Stalking for Fun and Profit

When you’re trying to become a writer, irregardless of the specific field in question, it’s good idea to be a bit of a stalker as well. The internet, I’m sure you’ve heard, offers a great many ways to get information. It also has given a great many ways to give information. Writers like to share, so this means that there is a ton of information out there for you to absorb.

So get out there, and start stalking. When you’re dealing with some of the real luminaries—the Stephen King’s or Dan Brown’s or John Grisham’s—you’re not going to get much but a PR storm. That’s really only useful if you’re looking for information on upcoming release dates. Look for authors who are a bit more in the middle on the fame scale, the geekier the better. Script-writers are perfect for this. They have experience and resources, but are rarely so famous that a public relations team needs to manage everything that comes out of their mouths or onto their computer screen.

Find blogs, subscribe to RSS feeds, follow on Twitter. In those ramblings, you won’t just find out information about the next gig they have coming up, though there will be a lot of that. You’ll start to be able to piece together a pretty good look at how this author functions. You’ll pick up habits, inspirations, techniques and musings. You’ll even begin to get a sense of what their life is like, and maybe even be able to decide if you still think it’s the life for you. It’s easy to forget that after a major sort of literary success your life ceases to be your own to manage for large swaths of time as you take part in a media blitz.

It’s critical to remember that someone who is writing for a living didn’t just get discovered one day and then a book fell out of their ass. This is a job. It’s a grind. Writers who are famous stay that way because they work. They take on a lot of projects, they stay diverse in their interests, they pitch their work around. It’s hard for them. Being able to follow them and read about the process is important as a reality check and an inspiration. If it’s hard work for you, too, it’s not because you’re just plain not good at it. It’s just plain hard work.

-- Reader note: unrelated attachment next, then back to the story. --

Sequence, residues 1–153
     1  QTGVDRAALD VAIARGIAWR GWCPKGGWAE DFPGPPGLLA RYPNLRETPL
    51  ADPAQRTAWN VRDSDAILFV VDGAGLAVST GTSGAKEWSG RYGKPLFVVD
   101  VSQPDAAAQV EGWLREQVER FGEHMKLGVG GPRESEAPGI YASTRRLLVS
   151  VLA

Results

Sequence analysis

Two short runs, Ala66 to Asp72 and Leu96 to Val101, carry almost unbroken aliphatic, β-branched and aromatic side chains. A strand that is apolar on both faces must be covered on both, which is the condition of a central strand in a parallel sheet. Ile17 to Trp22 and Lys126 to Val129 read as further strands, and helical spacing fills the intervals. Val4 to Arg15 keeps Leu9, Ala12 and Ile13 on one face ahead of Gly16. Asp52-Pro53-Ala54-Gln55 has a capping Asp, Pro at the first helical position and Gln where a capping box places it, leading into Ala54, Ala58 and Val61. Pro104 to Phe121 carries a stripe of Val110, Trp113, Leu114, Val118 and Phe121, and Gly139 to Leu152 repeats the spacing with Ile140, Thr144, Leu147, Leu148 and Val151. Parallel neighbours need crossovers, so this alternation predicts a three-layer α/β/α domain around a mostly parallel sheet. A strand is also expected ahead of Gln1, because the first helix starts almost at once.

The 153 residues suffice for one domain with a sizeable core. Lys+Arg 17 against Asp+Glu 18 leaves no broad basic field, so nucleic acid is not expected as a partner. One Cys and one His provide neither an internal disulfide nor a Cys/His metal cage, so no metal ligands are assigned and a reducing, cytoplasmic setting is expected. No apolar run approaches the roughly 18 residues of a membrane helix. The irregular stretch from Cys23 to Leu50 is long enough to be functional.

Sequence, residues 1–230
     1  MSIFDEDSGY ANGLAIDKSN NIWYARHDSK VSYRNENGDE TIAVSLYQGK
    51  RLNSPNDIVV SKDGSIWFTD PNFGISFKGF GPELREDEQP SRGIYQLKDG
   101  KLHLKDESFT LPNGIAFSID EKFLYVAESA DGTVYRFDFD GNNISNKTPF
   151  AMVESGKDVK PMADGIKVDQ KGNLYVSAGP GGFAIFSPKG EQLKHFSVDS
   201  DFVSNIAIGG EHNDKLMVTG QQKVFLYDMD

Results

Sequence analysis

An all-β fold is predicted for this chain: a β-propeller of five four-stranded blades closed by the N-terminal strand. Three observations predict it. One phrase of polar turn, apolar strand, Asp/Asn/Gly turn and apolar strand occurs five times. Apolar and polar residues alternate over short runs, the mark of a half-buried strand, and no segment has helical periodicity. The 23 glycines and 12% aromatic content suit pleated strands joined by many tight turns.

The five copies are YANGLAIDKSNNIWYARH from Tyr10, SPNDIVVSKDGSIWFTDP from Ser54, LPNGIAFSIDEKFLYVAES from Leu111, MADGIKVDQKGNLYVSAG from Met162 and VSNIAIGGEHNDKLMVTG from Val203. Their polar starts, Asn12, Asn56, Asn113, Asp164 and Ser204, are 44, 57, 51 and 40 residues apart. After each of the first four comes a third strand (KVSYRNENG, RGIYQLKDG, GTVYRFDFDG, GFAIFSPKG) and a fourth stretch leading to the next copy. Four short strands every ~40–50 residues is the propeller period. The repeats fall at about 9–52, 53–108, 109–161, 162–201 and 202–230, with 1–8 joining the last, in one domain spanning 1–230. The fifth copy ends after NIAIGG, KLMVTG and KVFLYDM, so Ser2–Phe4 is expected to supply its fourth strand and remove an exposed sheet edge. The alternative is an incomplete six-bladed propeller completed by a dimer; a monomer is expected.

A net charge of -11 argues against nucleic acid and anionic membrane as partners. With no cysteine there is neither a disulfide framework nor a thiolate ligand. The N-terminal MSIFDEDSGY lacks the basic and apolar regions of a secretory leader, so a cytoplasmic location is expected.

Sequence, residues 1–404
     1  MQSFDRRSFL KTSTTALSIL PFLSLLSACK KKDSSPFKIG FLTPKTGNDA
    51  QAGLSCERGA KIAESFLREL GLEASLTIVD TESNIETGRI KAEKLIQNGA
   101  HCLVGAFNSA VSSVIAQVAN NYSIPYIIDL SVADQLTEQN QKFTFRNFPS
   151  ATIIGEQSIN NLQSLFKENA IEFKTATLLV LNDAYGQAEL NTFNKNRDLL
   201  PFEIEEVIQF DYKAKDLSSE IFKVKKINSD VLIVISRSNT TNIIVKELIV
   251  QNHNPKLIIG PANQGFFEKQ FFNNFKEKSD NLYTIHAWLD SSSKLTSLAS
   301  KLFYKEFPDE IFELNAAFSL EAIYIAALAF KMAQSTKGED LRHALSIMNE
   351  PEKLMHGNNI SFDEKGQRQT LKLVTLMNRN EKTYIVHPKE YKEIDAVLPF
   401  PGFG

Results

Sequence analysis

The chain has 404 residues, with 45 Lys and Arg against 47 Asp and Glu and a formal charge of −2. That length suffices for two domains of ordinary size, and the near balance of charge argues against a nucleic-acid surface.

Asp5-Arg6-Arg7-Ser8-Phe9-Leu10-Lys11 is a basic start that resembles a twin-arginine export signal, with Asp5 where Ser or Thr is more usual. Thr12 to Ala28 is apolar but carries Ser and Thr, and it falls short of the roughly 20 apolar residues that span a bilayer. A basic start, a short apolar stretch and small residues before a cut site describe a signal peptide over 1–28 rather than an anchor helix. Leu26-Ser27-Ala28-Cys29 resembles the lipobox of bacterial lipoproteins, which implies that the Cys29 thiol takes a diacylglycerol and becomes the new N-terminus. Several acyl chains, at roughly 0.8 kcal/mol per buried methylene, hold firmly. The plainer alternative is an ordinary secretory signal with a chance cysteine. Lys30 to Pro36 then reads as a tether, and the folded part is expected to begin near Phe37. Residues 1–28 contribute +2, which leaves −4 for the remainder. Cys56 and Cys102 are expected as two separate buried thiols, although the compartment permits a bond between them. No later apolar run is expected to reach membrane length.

A few people I’ve taken to stalking:

Neil Gaiman – Gaiman is a fantasy legend at this point. Chances are you know is work whether or not you know his name (Coraline and Stardust are a couple of recent films based on his work), and he is absolutely prolific. He dabbles in all sorts of mediums, from comics to film, and he writes about it all constantly.

Jane Espensen – Espensen is a television writer who is about as well-known as TV writers get in the sci-fi world. She’s worked on Battlestar Galactica, Buffy, Dollhouse and… Gilmore Girls. She’s stopped actively updating her blog, but it’s ab absolute gold mine of entirely practical tips about how to writer for television. This isn’t a lofty discussion about ideals of the artform. It’s down and dirty tactics from the writing room.

James Gunn – With Gunn, you’re apt to get a lot of randomness. But you also get a pretty good sense of someone actively working in Hollywood. Gunn wrote and directed Slither, and has written a few other titles like Dawn of the Dead and… Scooby Doo 1 and 2. What’s working on now, though, is a spoof project called PG Porn, which is an episodic project that he spends quite a bit of energy promoting.

John August – Just so I can prove it’s not all sci-fi/fantasy, August wrote Big Fish (and a bunch of other more geeky things). His blog is devoted to answering reader questions on writing. And he also covers some really fascinating business talk as well. He recently experimented with selling a 23-page short story as digital download or Kindle story for $0.99 and is sharing sales and profits with his readers just to illustrate how it’s going (hint: not well).

And now that you’re done reading, I’ll apologize if this reads a bit slap-dash. It’s been a long day. But soon… bedtime, and that will be nice.

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